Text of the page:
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Featured: Impact Voices
Corporations don’t need Elizabeth Warren to ‘benefit’ from stakeholder capitalism. Last week, U.S. Sen. Elizabeth Warren dropped bombshell legislation to require companies with more than $1 billion in revenue or 5,000 employees to become “benefit corporations.” Some called the legislation brilliant; others labeled it Marxist. In a guest post on ImpactAlpha, B Labs’ Rick Alexander notes how closely the ideas in her bill tracks legislation supported by Republicans around the country. These benefit-corporation laws allow companies to give directors and managers greater discretion to create long-term value for all stakeholders, not just shareholders. Benefit corporations account for all of their impact, not just financial return.
Warren would impose a mandatory, federal system on all corporations, while the state laws rely on market forces for adoption. The strength of those forces is apparent in the 7,000 benefit corporations already established in the U.S. Last year saw the first IPO of a benefit corporation, Laureate Education. This February, Ripple Foods, a dairy-free manufacturer joined AltSchool (K-12 education) and Lemonade (insurance brokerage) as benefit corporations that have raised more than $100 million in venture capital. In March, Gap’s subsidiary, Athleta, became a benefit corporation, following other public companies like Campbell’s, Procter & Gamble and United Therapeutics with benefit corporation subsidiaries. Danone created the world’s largest benefit corporation to run its North American operations.
Warren’s bill is unlikely to be enacted any time soon. So voluntary uptake is the only current option. “This isn’t a matter of being forced to choose from a list of poor compliance options,” Alexander writes. “Joining the ‘B Economy’ is better for the world, and it can be plain good business as well.”
Read, “Corporations don’t need Elizabeth Warren to ‘benefit’ from stakeholder capitalism,” by B Lab’s Rick Alexander.
Dealflow: Follow the Money
Brac and Osiris Group launch impact fund for Bangladesh and other markets. International development organization Brac and private equity impact firm Osiris Group are looking for emerging-market investment opportunities in education, healthcare, the digital economy, and improving access to goods and services. “A new model for social change is emerging which challenges conventional development models that solely depend on philanthropic donations and charity,” said Brac’s Asif Saleh. Here’s what we know.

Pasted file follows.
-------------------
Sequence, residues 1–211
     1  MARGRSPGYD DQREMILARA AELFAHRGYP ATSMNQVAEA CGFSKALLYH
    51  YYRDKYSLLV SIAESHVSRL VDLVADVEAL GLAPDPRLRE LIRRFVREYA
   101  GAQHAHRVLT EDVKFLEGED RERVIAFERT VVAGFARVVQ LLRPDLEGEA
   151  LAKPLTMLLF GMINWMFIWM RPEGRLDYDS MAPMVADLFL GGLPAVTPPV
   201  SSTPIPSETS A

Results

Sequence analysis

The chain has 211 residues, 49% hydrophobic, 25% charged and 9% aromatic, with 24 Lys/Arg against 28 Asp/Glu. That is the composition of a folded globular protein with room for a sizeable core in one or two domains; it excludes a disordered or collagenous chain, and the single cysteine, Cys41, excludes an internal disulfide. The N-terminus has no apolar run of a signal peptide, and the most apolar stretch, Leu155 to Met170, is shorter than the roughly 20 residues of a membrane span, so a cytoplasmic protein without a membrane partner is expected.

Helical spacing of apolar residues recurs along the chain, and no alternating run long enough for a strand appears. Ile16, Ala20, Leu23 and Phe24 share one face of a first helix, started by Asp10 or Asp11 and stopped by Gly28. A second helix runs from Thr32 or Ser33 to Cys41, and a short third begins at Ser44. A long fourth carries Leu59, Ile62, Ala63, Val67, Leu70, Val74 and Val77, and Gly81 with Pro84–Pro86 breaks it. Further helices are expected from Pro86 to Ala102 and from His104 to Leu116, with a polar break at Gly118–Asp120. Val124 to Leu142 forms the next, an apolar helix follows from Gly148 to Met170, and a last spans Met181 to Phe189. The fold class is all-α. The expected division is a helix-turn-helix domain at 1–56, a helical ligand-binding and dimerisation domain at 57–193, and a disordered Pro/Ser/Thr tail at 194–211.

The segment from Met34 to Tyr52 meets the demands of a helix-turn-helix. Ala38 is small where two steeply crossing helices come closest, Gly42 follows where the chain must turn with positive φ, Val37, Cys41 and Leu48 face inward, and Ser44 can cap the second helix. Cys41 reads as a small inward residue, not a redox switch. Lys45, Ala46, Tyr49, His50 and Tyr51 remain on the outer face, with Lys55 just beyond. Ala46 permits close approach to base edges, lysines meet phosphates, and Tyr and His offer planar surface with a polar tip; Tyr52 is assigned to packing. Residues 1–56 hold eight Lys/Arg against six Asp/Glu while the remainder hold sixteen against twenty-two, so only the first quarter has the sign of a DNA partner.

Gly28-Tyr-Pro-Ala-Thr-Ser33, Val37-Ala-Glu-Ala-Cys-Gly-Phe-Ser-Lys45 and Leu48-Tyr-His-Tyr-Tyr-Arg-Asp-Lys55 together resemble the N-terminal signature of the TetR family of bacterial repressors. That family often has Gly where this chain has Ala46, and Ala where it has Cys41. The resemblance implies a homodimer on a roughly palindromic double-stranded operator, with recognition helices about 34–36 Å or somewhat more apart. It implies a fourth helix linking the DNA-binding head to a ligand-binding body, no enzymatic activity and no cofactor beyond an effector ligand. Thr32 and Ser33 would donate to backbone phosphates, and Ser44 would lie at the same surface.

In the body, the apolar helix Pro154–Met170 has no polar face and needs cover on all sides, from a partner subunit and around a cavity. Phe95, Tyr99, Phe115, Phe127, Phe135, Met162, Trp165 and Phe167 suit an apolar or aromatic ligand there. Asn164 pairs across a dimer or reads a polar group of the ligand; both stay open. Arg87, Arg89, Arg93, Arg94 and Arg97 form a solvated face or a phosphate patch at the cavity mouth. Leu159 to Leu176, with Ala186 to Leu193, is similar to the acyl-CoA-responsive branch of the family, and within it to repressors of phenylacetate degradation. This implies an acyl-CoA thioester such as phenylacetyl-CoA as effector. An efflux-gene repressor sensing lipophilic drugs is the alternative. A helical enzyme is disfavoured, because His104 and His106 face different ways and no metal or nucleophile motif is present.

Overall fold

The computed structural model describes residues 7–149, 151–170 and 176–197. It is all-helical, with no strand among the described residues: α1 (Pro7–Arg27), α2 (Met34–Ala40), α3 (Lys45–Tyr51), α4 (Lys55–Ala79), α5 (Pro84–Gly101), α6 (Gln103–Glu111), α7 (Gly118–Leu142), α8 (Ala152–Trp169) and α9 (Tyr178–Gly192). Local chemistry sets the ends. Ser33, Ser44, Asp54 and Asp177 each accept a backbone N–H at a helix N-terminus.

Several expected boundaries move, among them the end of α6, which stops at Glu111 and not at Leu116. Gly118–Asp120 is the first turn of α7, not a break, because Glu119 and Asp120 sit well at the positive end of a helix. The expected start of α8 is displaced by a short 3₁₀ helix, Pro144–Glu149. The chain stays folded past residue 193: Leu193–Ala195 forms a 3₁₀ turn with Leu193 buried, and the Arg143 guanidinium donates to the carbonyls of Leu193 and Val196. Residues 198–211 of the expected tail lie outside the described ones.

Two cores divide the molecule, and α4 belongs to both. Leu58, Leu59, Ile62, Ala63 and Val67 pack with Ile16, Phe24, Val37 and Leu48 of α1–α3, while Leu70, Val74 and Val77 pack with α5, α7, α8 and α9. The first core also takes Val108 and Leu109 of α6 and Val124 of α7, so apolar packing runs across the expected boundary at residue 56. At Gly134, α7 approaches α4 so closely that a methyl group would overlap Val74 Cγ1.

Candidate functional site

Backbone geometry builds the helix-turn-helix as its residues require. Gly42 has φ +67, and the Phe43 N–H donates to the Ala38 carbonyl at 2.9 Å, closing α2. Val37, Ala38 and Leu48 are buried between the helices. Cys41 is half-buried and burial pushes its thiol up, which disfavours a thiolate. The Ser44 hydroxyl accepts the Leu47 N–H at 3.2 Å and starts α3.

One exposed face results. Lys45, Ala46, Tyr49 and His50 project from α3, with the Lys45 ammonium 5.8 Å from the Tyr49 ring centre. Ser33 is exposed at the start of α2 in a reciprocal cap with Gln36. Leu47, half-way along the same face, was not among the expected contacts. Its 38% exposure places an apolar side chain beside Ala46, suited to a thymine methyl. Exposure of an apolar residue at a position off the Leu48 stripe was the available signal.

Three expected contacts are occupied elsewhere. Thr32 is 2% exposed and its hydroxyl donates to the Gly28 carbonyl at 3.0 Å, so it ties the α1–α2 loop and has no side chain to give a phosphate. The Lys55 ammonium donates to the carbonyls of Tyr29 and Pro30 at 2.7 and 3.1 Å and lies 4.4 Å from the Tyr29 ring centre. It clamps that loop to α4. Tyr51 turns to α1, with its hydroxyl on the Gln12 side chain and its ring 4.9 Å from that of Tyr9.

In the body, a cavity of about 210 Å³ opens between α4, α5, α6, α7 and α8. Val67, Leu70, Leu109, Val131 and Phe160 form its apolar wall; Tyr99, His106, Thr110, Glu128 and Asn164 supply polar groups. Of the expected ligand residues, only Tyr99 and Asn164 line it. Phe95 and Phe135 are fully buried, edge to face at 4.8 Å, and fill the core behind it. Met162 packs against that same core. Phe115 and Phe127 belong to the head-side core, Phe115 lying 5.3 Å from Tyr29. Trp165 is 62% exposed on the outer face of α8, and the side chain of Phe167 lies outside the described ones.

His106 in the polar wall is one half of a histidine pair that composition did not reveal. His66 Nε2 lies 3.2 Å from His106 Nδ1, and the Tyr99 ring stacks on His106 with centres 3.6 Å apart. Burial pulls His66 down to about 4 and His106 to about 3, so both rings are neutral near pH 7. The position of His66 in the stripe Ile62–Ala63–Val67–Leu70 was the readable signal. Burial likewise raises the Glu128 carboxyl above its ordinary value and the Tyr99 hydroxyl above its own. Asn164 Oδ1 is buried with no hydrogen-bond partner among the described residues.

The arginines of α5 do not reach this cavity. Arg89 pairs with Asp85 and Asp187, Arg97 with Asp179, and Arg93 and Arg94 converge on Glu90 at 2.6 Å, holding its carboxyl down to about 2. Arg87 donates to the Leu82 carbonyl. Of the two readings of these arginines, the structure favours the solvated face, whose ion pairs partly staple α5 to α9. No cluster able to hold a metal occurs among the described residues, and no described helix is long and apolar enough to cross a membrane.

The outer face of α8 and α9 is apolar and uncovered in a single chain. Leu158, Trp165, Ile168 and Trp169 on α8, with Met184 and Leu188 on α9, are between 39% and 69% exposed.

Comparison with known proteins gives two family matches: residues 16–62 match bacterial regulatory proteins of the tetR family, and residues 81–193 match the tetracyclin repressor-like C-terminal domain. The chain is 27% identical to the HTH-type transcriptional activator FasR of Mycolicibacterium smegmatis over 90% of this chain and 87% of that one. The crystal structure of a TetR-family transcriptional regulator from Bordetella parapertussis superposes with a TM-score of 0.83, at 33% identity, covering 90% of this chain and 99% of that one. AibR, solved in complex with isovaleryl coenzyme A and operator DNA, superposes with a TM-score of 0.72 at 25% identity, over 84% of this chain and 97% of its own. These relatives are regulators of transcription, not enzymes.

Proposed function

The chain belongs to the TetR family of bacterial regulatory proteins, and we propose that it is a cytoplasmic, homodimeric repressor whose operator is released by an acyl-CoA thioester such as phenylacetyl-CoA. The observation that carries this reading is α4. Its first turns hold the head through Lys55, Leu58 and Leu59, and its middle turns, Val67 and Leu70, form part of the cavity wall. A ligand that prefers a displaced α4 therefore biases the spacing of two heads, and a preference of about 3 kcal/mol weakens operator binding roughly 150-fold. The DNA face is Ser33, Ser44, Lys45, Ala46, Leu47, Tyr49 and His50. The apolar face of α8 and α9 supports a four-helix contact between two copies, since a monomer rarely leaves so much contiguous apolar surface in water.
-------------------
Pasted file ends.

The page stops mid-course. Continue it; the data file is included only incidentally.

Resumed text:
TPG Growth’s Rise Fund backs inclusive fintech startup Mines. Mines uses “alternative credit-scoring” data from phone records, bank account and payment transactions to help underserved consumers gain access to credit. TPG Growth’s $2 billion Rise Fund led the $13 million Series A funding round for the San Mateo, Calif., and Lagos-based startup. It is the Rise Fund’s fourth announced fintech investment. Read on.
Tennessee impact fund’s first investment aims to ease traffic congestion. LaunchTN has made its first investment from its $1.7 million seed-stage impact fund. The organization, which supports Tennessee-based startups and was profiled in our New Revivalists series, is backing a Nashville-based ride sharing app called Hytch. Hytch is testing rewards for urban commuters for carpooling and taking public transportation. Learn more.
Signals: Ahead of the Curve
Investors are putting serious cash into black and Latino-run businesses. Partners at minority-focused investment firm Harlem Capital were told “there aren’t enough black and Latino companies raising significant capital.” A search turned up 105 U.S.-based startups with black and Latino founders that have raised $1 million or more – $2.7 billion in total – for software, e-commerce, media and entertainment, healthcare and other industries. More than half of the 117 founders were women (yet their startups attracted only 32% of the capital). Thirteen have been acquired or gone public.
- Racial-lens investors. Ten of the 140 investors, including Harlem Capital, Backstage Capital and Kapor Capital, backed nearly one-third of the firms. Six of the 10 investment firms are led by diverse general partners. Still, less than 3% of all VC funds employ black and Latino professionals.
- Pattern-breaking. Like most venture-backed firms, two-thirds of the companies Harlem Capital turned up are in New York and San Francisco. Melissa Bradley’s Project 500 is planning a $100 million ‘opportunity fund’ to back entrepreneurs of color in low-income communities in 10 cities and regions.
- Racial-lens funds. In July, New Voices Fund, focused on female entrepreneurs of color, invested its first $30 million in eight companies. In June, Backstage Capital backed its 100th diverse founder and is raising a $36 million fund for women entrepreneurs of color. Last year, Babel Ventures and LEAP Partners made their first investments from funds targeting Latino-owned businesses.
- The impact alpha. The Harlem Capital data show a growing capital market for black and Latino run businesses. “We’re going to see a company with a diverse set of founders solving a problem that hasn’t been solved before because of their particular lens,” Kapor Capital’s Brian Dixon told ImpactAlpha in an earlier interview. “That is the opportunity that, as investors, you’re always looking for.”
Agents of Impact: Follow the Talent
Matthew McCarthy was named CEO of Ben & Jerry’s… Ford Foundation’s Don Chen is the new president of the Surdna Foundation… Ayisha Osori is the new executive director of Open Society Initiative for West Africa… Smart city venture firm Urban Us is recruiting candidates for a venture fellowship in Brooklyn.
— August 21, 2018.